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September 5, 2012

HSI Congratulates Cathay Pacific Airways for Decision to Cease Shark Fin Shipments

Petition urged the airline to set an example for the sake of shark populations

Humane Society International

  • Cathay Pacific Airways' move is a significant victory in the fight against shark finning. Michael Stubblefield/istock

Iris Ho, wildlife campaigns manager for Humane Society International, issued the following statement in response to the decision by Hong Kong-based Cathay Pacific Airways to halt shipments of shark fins and shark products on its flights.

"Humane Society International applauds Cathay Pacific Airways and its leadership position in recognizing that the global shark fin trade is unsustainable, cruel and causes peril to many shark species. The decision affirms Cathay Pacific’s environmental and humane stewardship within the air cargo and shipping industry. With its company headquarters in Hong Kong, which is the hub for the global shark fin trade, the decision should encourage others in the industry to follow suit."


  • HSI is one of 40 international environmental and animal welfare organizations that submitted a petition to Cathay Pacific Airways in July, requesting it stop carrying shark fin and related products.
  • Hong Kong government data indicates that more than 10,200 tonnes of shark fin were imported into Hong Kong in 2011, with 13 percent of that by air cargo. An estimated 20 percent to 50 percent was flown in on Cathay Pacific Cargo.
  • HSI has ongoing public education campaigns in Hong Kong with local partner groups to increase awareness and support for sharks.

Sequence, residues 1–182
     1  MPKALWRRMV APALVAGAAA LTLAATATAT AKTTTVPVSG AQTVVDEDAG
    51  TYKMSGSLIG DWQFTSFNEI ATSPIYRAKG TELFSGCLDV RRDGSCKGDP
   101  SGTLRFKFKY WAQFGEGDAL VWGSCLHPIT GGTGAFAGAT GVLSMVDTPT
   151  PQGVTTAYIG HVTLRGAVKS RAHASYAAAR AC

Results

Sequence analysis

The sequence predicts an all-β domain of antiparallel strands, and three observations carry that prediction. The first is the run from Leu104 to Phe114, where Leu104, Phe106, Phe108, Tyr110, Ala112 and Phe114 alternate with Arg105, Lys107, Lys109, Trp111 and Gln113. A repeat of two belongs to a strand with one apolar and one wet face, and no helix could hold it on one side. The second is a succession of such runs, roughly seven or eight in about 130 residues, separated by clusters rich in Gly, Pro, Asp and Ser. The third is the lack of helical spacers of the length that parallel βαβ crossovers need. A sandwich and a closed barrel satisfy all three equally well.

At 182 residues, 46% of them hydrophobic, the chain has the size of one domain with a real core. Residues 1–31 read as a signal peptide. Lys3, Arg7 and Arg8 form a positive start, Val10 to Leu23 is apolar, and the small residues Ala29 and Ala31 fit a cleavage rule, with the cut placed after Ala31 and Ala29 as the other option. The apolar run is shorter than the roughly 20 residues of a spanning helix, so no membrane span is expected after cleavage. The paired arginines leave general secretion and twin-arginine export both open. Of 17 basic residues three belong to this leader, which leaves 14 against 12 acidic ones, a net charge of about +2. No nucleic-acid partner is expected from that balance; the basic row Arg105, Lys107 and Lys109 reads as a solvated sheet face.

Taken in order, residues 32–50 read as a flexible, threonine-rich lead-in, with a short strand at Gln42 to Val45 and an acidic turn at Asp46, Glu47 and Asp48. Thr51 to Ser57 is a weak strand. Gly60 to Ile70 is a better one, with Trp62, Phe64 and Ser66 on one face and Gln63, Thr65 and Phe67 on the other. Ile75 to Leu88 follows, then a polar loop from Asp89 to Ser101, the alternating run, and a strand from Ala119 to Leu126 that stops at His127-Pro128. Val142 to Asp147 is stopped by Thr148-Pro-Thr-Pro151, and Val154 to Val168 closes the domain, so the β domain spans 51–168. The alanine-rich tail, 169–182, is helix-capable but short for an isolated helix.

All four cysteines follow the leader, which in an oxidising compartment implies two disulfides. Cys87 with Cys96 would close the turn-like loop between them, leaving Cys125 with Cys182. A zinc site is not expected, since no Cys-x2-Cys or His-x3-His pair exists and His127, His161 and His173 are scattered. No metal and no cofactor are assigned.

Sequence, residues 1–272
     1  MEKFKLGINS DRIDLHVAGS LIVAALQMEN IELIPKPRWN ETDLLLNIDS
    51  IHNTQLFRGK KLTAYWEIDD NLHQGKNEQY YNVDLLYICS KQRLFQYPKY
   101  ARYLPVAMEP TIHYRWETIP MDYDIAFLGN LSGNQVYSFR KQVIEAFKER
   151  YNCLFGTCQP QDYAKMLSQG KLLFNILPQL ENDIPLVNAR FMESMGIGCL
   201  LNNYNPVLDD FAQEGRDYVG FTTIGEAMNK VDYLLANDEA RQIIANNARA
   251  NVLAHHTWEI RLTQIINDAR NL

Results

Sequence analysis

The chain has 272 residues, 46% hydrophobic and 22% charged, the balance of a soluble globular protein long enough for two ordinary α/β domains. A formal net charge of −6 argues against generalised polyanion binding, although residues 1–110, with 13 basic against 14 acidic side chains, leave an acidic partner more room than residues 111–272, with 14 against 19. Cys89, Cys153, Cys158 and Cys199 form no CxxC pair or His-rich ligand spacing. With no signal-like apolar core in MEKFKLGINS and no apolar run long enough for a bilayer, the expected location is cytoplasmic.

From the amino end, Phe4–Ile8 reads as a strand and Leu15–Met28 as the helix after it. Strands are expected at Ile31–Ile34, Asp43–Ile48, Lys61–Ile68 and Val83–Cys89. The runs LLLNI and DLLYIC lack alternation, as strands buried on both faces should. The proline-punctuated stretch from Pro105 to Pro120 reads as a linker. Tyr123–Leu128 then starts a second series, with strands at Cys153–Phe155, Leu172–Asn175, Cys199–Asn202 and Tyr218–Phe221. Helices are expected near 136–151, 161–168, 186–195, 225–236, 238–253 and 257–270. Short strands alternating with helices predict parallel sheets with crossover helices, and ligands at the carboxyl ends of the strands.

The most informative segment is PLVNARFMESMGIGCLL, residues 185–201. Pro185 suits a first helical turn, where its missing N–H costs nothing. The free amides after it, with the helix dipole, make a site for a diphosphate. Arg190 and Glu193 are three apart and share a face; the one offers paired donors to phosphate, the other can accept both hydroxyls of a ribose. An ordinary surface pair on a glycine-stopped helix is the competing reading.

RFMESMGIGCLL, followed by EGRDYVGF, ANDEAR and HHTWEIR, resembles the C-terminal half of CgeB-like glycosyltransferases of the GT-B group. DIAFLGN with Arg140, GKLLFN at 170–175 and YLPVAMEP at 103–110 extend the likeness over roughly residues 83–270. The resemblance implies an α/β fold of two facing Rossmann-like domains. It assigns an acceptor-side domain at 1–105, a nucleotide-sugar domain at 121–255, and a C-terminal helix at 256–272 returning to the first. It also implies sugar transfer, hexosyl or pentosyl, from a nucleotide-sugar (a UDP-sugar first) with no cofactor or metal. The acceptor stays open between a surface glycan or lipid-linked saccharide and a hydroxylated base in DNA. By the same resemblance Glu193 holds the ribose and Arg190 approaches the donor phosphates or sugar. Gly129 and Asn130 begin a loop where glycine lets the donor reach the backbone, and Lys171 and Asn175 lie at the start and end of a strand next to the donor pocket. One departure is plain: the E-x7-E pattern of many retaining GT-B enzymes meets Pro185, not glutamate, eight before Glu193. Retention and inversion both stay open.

• Fins from as many as 73 million sharks are used to feed the demand for shark fin soup each year. At least 50 percent of the global trade in sharks takes place in Hong Kong.
  • Tens of millions of sharks have their fins cut off and are thrown back into the ocean, often while still alive, only to drown, starve or die a slow death due to predation from other animals. Some species of shark are on the brink of extinction due to the cruel and exploitative shark fin industry.
  • Sharks are apex predators who are slow to reproduce and whose survival affects all other marine species and entire ocean ecosystems. The practice of shark finning is global and has led to a severe decline in shark populations.


Media Contact: Rebecca Basu, 240-753-4875, rbasu@humanesociety.org

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Humane Society International and its partner organizations together constitute one of the world's largest animal protection organizations—backed by 11 million people. For nearly 20 years, HSI has been fighting for the protection of all animals through advocacy, education, and hands-on programs. Celebrating animals and confronting cruelty worldwide—On the Web at hsi.org.